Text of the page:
In a bleak week for events in Santa Barbara as sports, concerts, fundraisers, and celebrations have been cancelled left and right, the Parks and Recreation department has a bit of good news; the long running Arts and Crafts Show will be continuing.
Sponsored by the Parks and Recreation department since 1996, the show takes place every Sunday year-round on Cabrillo Boulevard from Stearns Wharf to Calle Cesar Chavez from 10 a.m. to dusk. It features approximately 200 local artisans who display and sell their own original work in an informal atmosphere.
While larger events around the city have been cancelled following Governor Gavin Newsom’s announcement that non-essential gatherings must be limited to no more than 250 people, smaller events can proceed only if the organizers can implement social distancing of 6 feet per person.
The Parks and Recreation Department will continue to monitor the situation and update show members if there are any changes, but for now they’ve taken some steps to ensure the safety of the artisans and visitors as the art show continues.
The minimum attendance requirement for show members is being temporarily waived to allow artisans the ability to stay home if they wish without risk of losing their assigned space.
Additionally, the city is renting three portable hand washing stations to be placed along the show line for show members’ and the public’s use.
Brad Kazmerzak, a landscape photographer who has worked the art show for 18 years and sits on the show’s advisory committee, told the News-Press he would be out there on Sunday for sure.
“It’s how I make a living,” said Mr. Kazmerzak.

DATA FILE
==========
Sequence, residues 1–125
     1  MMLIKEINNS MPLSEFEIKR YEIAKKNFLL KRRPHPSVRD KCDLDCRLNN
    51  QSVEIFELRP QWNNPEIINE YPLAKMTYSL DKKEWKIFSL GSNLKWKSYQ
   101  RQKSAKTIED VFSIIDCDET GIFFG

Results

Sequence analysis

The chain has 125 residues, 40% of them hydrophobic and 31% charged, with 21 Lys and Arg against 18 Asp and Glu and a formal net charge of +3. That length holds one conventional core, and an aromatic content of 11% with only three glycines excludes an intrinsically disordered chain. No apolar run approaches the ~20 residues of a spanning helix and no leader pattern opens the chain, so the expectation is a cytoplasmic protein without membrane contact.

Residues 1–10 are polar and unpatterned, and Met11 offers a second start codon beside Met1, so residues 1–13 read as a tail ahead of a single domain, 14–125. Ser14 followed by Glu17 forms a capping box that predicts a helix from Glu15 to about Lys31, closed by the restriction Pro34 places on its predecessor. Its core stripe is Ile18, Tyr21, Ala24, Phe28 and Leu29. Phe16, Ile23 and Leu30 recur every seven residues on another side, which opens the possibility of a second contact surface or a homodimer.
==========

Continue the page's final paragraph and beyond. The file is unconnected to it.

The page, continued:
Many of the artisans are self-employed and expect to be left in the cold when it comes to emergency benefits or assistance, Mr. Kazmerzak explained.
“We’re definitely in a different wheelhouse,” said Mr. Kazmerzak.
“I know that there are some artists that are older or some have health issues and they’re not going to show. Makes sense, but a lot of people in my position, we’re down there when it’s raining sometimes just because we’ve got to try to squeeze out a sale if we have to.”
Mr. Kazmerek expects most of the artisans to turn out, and said they all have been taking precautions like bringing hand sanitizer and practicing social distancing.
“It’s an open-air show. You definitely can keep your distance from people if you feel you need to do that. It’s not an airborne virus as far as we know at this point, so keep your distance from people. Really the only other transaction will be money or credit cards, and if it gets really bad I guess we’d probably use latex gloves,” said Mr. Kazemerek.
Mr. Kazemerek is not too worried about the event, and pointed out that it’s about as safe a social event as you can have.
“I’ve talked to a lot of friends and family who have said, ‘Gosh, of all things to stay open, it makes the most sense,’” said Mr. Kazemerek.
Regardless of the coronavirus situation, Sunday’s show is expected to have a lower turnout due to predictions of rain throughout the day. Nevertheless, Mr. Kazemrek said the show members are optimistic.
“A lot of it is going to depend on what happens in Santa Barbara and the outlying areas. If we don’t get a lot of cases here I think people will be more willing to come out. People don’t like to be stuck in their house,” said Mr. Kazmerzak.
“There’s a lot of us down there that rely on this for our income, and barring the weather, as long as things are still safe we just want people to know we’re still going to be there.”